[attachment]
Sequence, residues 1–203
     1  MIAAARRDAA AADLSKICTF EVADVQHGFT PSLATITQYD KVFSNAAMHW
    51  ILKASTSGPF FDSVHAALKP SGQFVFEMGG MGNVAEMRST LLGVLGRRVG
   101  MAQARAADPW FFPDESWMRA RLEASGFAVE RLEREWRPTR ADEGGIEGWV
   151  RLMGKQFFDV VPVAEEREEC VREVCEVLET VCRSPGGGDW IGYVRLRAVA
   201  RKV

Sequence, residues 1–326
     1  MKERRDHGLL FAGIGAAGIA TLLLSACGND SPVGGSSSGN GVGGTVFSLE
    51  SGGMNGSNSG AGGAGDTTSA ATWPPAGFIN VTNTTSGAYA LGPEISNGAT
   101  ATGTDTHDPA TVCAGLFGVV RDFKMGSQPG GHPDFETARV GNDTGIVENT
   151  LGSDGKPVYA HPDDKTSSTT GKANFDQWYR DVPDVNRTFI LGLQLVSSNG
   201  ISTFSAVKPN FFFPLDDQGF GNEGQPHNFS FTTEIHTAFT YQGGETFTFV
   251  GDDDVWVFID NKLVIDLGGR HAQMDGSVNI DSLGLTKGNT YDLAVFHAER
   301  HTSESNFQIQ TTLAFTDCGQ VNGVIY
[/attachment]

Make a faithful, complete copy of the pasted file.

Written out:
Sequence, residues 1–203
     1  MIAAARRDAA AADLSKICTF EVADVQHGFT PSLATITQYD KVFSNAAMHW
    51  ILKASTSGPF FDSVHAALKP SGQFVFEMGG MGNVAEMRST LLGVLGRRVG
   101  MAQARAADPW FFPDESWMRA RLEASGFAVE RLEREWRPTR ADEGGIEGWV
   151  RLMGKQFFDV VPVAEEREEC VREVCEVLET VCRSPGGGDW IGYVRLRAVA
   201  RKV

Sequence, residues 1–326
     1  MKERRDHGLL FAGIGAAGIA TLLLSACGND SPVGGSSSGN GVGGTVFSLE
    51  SGGMNGSNSG AGGAGDTTSA ATWPPAGFIN VTNTTSGAYA LGPEISNGAT
   101  ATGTDTHDPA TVCAGLFGVV RDFKMGSQPG GHPDFETARV GNDTGIVENT
   151  LGSDGKPVYA HPDDKTSSTT GKANFDQWYR DVPDVNRTFI LGLQLVSSNG
   201  ISTFSAVKPN FFFPLDDQGF GNEGQPHNFS FTTEIHTAFT YQGGETFTFV
   251  GDDDVWVFID NKLVIDLGGR HAQMDGSVNI DSLGLTKGNT YDLAVFHAER
   301  HTSESNFQIQ TTLAFTDCGQ VNGVIY